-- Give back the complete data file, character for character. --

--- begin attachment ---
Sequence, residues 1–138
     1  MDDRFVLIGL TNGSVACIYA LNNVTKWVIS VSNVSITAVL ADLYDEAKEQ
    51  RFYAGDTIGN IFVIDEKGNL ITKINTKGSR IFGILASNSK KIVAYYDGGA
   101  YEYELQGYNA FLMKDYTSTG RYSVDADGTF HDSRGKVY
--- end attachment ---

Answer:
Sequence, residues 1–138
     1  MDDRFVLIGL TNGSVACIYA LNNVTKWVIS VSNVSITAVL ADLYDEAKEQ
    51  RFYAGDTIGN IFVIDEKGNL ITKINTKGSR IFGILASNSK KIVAYYDGGA
   101  YEYELQGYNA FLMKDYTSTG RYSVDADGTF HDSRGKVY